ing. You wonder what their family is like, if they will thrive and of course, if they are
                                      I live,                happy. It is much like seeing one of your own children leave, never to be heard from

                                        it is my                                                      Treats for Little Pumpkins

                                             privilege                                               This year PICC is again teaming up with Kent Down-
                                                                                                     town merchants to sponsor a safe trick-or-treat event for
                                                                                                     children. Together, they will sponsor the Little Pump-
                                       to do for it                                                  kins Trick-or-Treat in Downtown Kent from 2-5 p.m.
                                                                                                     on Halloween, Friday, Oct. 31.
                                            whatever                                                 PICC, located at 328 Fourth Ave. S., Kent, is the start-
                                                             ing point for the event. For a donation of $5 to PICC, children and their parents can pick up
                                           I can.            Little Pumpkins Trick-or-Treat sacks and maps to participating merchants. Professional photos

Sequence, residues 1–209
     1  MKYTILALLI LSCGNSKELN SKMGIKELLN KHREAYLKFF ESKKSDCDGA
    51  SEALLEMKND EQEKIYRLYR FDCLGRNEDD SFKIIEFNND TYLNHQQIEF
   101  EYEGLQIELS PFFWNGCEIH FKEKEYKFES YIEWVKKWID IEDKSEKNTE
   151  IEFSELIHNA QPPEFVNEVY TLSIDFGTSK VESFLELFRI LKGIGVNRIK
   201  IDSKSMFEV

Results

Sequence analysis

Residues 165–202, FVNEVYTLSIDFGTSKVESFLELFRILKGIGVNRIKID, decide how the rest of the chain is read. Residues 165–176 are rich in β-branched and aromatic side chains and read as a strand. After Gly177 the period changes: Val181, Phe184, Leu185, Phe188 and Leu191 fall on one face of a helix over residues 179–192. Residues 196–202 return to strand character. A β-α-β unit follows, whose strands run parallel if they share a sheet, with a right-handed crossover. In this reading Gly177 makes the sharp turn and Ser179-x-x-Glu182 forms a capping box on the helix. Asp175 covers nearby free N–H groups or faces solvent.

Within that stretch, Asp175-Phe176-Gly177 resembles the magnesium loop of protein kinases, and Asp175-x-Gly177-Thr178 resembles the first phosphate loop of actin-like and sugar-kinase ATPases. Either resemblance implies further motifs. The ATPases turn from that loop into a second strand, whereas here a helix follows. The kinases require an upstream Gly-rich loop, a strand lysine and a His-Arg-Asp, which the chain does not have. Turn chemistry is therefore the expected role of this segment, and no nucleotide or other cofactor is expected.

of children in their Halloween costumes by Kathy’s Photo Impressions will also be available at
                                       George Bernard Shaw   PICC for $2 (processing and shipping). More than 25 downtown merchants will hand out
                                                             treats. We need about 20 volunteers to serve as crossing guards, cashiers, and photo helpers.
                                                             Costumes are encouraged, but not required. If you can help from 1-5 p.m. Friday, Oct. 31 (Hal-
                                                             loween), please call PICC at 253-852-5253 and ask for Elaine.
The Health Concerns of RSV
 Nearly 18 months ago, we had a virus contaminate the center, affecting
 fourteen of our babies. Most had to be transported to Children’s Hos-
 pital in Seattle; only one was healthy enough to remain at PICC. We
 had to remain closed to new admits for over a month. The virus, called
 “a major public health problem throughout the world” by American
 Family Physician, is RSV (Respiratory Syncytial Virus), a major cause
 of respiratory illness in young children. Highly contagious, it spreads
 rapidly by coughs and sneezes from infected people. It can also live on
 surfaces, such as doorknobs, clothes and hands. RSV spreads rapidly
 through schools and day-care centers. In adults, it may only produce
 symptoms of a common cold, though recently, severe RSV infections